UWC alumnus Warren Lucas has been appointed as the exercise scientist for South Africa Gymnastics Federation’s national teams ahead of the African Championships, World Championships and the Olympic Games.
Not only is he the first exercise scientist for the organisation, but he is applying the knowledge he obtained through his studies to ensure the development of gymnastics in the country. He is among countless UWC graduates who have gone on to improve society.
“As gymnastics grows and develops in South Africa, so does the need for knowledge within exercise science and sports medicine,” explained Lucas, who obtained his BA in Sport and Recreation Management (2011), BA (Hons) Sport and Recreation Management (2012), and MA in Sport, Recreation and Exercise Science in 2016.
“We have made progress in developing a basis for knowledge within gymnastics in the past through some of my research as a Masters student at UWC, as well as through the work of Dr Denise Bouah in the Sport Psychology of high-performance athletes, and Dominic Rhodes with his work in Injuries and Physiotherapy of gymnasts.”
Lucas, Chairperson of the Cape Town Gymnastics Association, said they are exploring exercise performance and body composition of gymnasts. This, he added, is in line with the Department of Sport, Arts and Culture’s call on all sport codes to adopt exercise, sport and medical science services to support their national squads.
The Mitchell's Plain-born Lucas will serve for the 2021 competition cycle, and his contract may be renewed after that.
“I am responsible for overseeing the body composition, strength and conditioning and fitness assessments of gymnasts on the High Performance Men’s and Women’s Artistic Gymnastics teams, the Senior Rope Skipping team and the Aerobic Gymnastics team,” he explained.
“As a former member of the Protea Team in Aerobic Gymnastics, I am in the position to extend assistance to current Team SA gymnasts, and take the lead in the development and scientific support of gymnasts, thereby, improving performance through evidence-based practices within Exercise Science and Gymnastics for South Africa.”
Lucas could not hide his happiness about his new appointment: “This has been my dream from the beginning of my studying journey within Sport Science at UWC, and this is one of the most exciting employment opportunities I’ve had to date in my career as an Exercise Scientist.”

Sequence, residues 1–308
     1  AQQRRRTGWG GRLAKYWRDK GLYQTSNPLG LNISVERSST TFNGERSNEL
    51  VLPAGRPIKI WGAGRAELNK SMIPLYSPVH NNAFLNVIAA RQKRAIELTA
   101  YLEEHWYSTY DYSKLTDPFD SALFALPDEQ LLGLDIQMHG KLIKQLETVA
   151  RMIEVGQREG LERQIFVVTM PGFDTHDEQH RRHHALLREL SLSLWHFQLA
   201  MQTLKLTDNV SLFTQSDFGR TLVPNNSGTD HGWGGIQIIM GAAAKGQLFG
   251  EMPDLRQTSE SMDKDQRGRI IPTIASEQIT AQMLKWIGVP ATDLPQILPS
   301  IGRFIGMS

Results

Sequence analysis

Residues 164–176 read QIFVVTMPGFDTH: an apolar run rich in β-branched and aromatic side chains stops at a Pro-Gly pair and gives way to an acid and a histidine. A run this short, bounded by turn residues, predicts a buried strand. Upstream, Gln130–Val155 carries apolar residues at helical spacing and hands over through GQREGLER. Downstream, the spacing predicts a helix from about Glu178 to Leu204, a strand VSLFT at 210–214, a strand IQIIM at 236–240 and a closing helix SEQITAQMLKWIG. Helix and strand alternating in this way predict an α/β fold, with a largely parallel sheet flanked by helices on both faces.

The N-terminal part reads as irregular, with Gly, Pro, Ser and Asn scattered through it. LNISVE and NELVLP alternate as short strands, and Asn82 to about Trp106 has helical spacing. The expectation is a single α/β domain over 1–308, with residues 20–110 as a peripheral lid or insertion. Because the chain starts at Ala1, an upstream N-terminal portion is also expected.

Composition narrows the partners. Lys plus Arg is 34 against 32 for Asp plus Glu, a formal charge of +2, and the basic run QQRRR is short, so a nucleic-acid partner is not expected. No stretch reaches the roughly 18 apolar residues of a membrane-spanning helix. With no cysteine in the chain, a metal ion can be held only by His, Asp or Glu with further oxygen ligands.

And what would he like to achieve as the first exercise scientist for Gymnastics SA? “Gymnastics is a multifaceted sport that requires a high level of physical fitness and skill to succeed,” he said.
“Speed, strength, endurance, agility, flexibility, balance, and power are all physical abilities that play a role in the success of a competitive gymnast. A gymnast’s physical abilities may also be related to the ability to sustain injury-free participation in the sport, and I would like to contribute to the education and training of coaches to facilitate increased understanding and awareness of these sport science principles. Additionally, I’d like to provide workshops to gymnasts on nutritional management, life-skills, personal development and possible career guidance”.
Lucas, who still works closely with UWC’s Interdisciplinary Centre of Sport Science and Development as well as the Department of Sport, Recreation and Exercise Science, has advised the youth to prioritise their work by applying savvy time management practices, which should help to reduce academic workload by almost half.
“And if you are thinking of becoming an exercise scientist, sport science researcher/lecturer, sport physiotherapist, biokineticist, personal trainer, coach or fitness instructor, ensure that you connect with people who are working in these capacities and ask questions about their daily duties, and be available to shadow, volunteer and learn through experience and participation. In doing so, you will be expanding your network of people who are in these positions, which will make it much easier later to connect with industry professionals when you are qualified.”